Adoption from Foster Care
At any moment in time in the United States, about 100,000 children are in foster care and waiting to be adopted. This type of adoption is called a public foster care adoption. It has both similarities to and differences from private adoption. It is similar because it requires the same legal process of terminating the parental rights of the birth parents (if that has not already been done) and creating a new legal relationship between the prospective adoptive family and the child. The family will also need a home study as in a private adoption. They will also need to take classes to learn about parenting strategies for children who have suffered abuse or neglect. Often children adopted from foster care are older and/or may have challenging medical or behavioral needs.
Adoptions from foster care differ from private adoptions in that there are financial incentives. Because it is good for our communities when children are raised in stable homes, state and federal governments try to lessen the financial burden for families adopting from foster care. For example, the cost of the home study and trainings are subsidized. There is no “placement fee.” The attorney fees are often partially or completely paid by the state agency. In some circumstances, the child may be eligible for an adoption subsidy. This includes health insurance coverage until the child turns age 18 and, at times, a cash payment per day if the child is eligible. An experienced attorney knows what is reasonable in a particular case and will be able to go over the details of a subsidy agreement with a family. Additionally, a family adopting from foster care can take the entire federal Adoption Tax Credit in the year of finalization even if the adoption cost the family less than the entire amount.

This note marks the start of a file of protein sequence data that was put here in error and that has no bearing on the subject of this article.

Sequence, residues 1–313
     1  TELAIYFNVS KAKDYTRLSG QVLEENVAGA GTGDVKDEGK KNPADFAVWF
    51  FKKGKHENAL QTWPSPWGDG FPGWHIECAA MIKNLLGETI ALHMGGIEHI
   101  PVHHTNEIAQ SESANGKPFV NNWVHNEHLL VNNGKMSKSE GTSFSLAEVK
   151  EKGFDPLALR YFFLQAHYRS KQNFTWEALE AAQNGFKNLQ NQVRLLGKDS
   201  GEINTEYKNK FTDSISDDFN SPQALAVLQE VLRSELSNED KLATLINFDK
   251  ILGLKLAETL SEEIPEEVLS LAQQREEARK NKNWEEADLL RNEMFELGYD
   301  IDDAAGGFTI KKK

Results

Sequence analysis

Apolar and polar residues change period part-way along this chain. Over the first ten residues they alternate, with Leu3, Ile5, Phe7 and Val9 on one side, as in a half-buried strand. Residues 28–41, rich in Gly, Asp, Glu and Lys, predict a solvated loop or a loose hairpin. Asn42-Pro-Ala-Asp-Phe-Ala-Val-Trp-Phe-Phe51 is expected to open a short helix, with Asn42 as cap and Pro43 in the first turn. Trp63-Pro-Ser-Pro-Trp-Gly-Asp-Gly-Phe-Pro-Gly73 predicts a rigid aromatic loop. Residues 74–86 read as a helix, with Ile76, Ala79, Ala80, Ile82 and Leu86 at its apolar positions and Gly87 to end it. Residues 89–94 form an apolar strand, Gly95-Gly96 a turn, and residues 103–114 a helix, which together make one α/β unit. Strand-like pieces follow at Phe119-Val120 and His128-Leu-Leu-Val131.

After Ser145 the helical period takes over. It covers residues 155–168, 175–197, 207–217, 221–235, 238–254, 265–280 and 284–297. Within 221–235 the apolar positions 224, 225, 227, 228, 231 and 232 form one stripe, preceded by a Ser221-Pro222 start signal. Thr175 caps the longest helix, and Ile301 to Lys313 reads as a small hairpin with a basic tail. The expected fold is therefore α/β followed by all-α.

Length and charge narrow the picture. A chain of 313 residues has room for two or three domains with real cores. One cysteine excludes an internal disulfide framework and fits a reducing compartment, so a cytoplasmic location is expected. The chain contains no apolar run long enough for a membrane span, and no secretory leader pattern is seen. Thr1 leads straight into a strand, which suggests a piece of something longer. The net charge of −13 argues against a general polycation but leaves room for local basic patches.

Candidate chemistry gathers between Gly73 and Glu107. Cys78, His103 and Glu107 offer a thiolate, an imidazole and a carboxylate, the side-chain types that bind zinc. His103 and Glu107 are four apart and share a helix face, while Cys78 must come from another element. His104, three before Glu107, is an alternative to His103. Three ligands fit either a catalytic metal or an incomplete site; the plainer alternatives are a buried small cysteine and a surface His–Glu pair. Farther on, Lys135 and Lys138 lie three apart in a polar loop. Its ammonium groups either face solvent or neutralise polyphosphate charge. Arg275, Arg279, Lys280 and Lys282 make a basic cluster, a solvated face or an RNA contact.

It is not unusual for children in foster care to remember details about their birth families and sometime contact continues between the child and members of the family. Any formal arrangements for contact after the adoption are made on a case-by-case basis and must be planned with the best interest of the child as the primary consideration.